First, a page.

University of Utah School of Medicine researchers have unexpectedly found that a drug that has been used for the past 50 years to treat heart failure and high blood pressure also inhibits infection by the Epstein Barr virus, which causes mono and is associated with several cancers. The finding has broad implications: with modification, the drug could be used to treat other illness caused by this class of virus including shingles, mono, and herpes. ... Read MoreInternal Medicine
Division of Infectious Diseases
The Infectious Diseases Division (a sub-specialty of internal medicine) has 12 full-time faculty at the University of Utah Medical Center and 13 affiliated faculty at LDS, IMC, and the VA hospital who are actively involved in clinical, educational, and research endeavors in infectious diseases.
Our goal is to prevent, treat and care for patients with infectious diseases in both the inpatient and outpatient setting. The division provides general ID, HIV and immunocompromised inpatient consultation services at the University of Utah Medical Center and at LDS Hospital, IMC and the VA. The division also has active programs in antibiotic stewardship, infection control and early epidemic investigation.
In Clinic 1A, our providers see patients with general infectious disease problems such as osteomyelitis, septic arthritis and endocarditis. Specialty clinics, specializing in HIV, travel and tropical medicine, transplant infectious diseases, and immunology are available to better serve patients with those needs.
In addition, we run outreach clinics for HIV patients at the Utah prison and in St George and oversee the sexually transmitted disease clinic at the Salt Lake Valley Health Department.
Our faculty are active in both laboratory and clinical research, with a focus on the pathogenesis of infectious diseases.
Our specific research interests include:
- Epstein Barr virus, Herpes Simplex Virus, HIV, and Kaposi’s sarcoma associated herpes virus.
- Opportunistic infections in immunocompromised hosts especially cytomegalovirus (CMV) and invasive fungal infections.
- Malaria and its complications; Geosentinel surveillance of infections in returning travelers.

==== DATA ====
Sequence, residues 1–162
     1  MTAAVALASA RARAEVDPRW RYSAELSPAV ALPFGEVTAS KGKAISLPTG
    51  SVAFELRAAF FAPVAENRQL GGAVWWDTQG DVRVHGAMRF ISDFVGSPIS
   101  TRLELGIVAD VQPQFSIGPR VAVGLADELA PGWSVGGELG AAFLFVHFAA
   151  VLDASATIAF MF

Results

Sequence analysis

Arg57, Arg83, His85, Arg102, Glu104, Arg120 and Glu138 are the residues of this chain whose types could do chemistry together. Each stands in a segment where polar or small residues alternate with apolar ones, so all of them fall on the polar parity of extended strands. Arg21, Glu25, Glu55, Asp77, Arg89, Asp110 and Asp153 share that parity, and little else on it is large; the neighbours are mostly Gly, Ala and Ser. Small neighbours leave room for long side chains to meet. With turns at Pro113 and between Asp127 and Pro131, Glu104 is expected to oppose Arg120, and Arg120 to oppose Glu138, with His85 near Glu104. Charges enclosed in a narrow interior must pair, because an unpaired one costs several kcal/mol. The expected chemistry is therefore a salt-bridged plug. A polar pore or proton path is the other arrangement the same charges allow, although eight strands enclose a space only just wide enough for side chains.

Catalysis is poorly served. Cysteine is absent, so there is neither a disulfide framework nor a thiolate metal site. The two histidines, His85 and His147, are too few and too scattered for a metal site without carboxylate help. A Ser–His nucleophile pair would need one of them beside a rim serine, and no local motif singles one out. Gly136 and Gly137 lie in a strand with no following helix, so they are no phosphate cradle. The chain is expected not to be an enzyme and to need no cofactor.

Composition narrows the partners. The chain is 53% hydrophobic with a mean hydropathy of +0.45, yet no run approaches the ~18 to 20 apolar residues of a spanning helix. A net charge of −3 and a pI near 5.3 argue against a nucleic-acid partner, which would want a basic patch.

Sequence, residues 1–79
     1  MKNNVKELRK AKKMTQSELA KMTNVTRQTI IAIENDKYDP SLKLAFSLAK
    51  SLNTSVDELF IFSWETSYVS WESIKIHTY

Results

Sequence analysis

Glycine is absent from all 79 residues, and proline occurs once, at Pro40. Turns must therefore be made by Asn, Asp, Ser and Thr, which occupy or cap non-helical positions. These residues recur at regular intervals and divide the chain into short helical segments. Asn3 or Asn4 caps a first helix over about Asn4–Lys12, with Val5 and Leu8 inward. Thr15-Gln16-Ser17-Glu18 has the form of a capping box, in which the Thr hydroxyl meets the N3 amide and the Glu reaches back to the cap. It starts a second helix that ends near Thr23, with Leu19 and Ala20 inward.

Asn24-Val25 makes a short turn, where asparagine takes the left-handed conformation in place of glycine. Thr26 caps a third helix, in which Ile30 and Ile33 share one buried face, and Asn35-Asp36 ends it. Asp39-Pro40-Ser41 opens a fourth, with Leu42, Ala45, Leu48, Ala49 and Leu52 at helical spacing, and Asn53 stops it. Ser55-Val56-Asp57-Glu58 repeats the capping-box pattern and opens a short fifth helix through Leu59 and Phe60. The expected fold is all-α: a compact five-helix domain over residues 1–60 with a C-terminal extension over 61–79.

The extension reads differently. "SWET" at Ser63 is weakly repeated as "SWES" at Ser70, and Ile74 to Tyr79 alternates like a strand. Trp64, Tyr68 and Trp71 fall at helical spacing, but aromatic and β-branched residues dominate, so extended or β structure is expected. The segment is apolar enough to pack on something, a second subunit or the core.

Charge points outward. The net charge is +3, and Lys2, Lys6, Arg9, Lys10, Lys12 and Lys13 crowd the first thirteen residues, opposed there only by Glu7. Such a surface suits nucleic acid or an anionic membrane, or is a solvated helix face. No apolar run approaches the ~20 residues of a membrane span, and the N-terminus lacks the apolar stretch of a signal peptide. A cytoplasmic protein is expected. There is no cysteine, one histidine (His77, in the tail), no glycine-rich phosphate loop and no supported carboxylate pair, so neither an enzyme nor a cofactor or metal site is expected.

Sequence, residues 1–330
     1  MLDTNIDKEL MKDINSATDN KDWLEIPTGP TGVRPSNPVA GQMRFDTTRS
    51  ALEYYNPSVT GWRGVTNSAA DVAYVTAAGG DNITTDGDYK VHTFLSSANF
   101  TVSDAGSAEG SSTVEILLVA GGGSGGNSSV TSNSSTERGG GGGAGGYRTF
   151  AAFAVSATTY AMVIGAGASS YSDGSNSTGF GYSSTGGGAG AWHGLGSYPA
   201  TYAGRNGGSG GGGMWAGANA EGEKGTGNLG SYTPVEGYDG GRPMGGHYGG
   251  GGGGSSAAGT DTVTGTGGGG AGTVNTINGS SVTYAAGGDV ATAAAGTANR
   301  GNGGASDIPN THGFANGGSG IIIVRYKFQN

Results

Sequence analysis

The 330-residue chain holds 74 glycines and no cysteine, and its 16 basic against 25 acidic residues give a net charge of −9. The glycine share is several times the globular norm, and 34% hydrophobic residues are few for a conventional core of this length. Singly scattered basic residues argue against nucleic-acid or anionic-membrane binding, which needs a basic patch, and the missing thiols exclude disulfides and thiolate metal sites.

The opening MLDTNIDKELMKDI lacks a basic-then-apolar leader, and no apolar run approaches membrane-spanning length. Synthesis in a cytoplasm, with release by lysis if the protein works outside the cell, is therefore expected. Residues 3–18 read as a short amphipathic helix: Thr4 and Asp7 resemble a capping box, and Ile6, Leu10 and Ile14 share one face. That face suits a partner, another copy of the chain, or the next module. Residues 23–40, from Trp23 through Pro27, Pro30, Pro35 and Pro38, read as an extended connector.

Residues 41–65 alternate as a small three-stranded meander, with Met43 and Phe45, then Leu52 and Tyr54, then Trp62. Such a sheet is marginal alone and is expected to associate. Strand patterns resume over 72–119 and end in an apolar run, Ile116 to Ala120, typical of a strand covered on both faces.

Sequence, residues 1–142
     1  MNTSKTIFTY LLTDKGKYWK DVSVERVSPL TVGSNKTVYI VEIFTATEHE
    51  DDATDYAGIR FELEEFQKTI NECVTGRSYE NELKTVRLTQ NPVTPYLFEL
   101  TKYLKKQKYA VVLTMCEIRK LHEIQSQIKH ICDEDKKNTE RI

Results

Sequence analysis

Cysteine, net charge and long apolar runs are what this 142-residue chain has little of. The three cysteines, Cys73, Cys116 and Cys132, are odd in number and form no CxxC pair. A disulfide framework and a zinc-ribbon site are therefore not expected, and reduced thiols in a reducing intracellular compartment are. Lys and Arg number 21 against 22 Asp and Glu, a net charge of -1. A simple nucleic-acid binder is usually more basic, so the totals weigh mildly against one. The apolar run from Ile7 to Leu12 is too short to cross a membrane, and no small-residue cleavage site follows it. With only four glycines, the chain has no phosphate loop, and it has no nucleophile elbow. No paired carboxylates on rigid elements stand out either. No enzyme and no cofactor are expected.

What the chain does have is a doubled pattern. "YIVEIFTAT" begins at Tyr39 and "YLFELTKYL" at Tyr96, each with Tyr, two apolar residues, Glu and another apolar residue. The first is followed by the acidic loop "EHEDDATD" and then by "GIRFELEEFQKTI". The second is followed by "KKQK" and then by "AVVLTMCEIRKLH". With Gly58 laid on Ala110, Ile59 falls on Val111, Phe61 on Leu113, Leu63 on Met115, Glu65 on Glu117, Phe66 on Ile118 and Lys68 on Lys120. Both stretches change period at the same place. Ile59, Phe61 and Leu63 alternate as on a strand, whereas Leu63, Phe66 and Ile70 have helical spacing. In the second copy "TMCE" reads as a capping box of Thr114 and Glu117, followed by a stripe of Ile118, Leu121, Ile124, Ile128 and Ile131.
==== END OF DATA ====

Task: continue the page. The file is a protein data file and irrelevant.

- Viral triggers of multiple sclerosis.
- Antibiotic resistance, MRSA, and antibiotic stewardship.
- Immunology of diarrheal diseases and gut dysfunction in returning travelers
About eight percent of our DNA is viral in origin: remnants of ancient battles between infectious viruses and our ancestors. A new study published in Science by scientists at the University of Utah School of Medicine shows that evolution has repurposed some of these viral remains into weapons against its own kind. They find that bits of viral DNA embedded in our genome are regulating genes that are integral to our innate immune system.... Read MoreInternal Medicine
A study suggests that differences in the routines of individual providers drives variation in antibiotic prescribing more than differences in patient characteristics, standards of practice at different hospitals, or clinical settings (emergency department, primary care, urgent care). The report, led by the Veterans Affairs Salt Lake City Health Care System and the University of Utah and published in the Annals of Internal Medicine, is an important step toward understanding the problem of antibiotic overuse, a major public health concern given the rise in antibiotic-resistant “superbugs”.... Read MoreInternal Medicine
Study concludes developing surveillance systems is of 'paramount importance'... Read MoreInternal Medicine
Improper prescriptions of antibiotics is a public health issue, U physician says... Read MoreInternal Medicine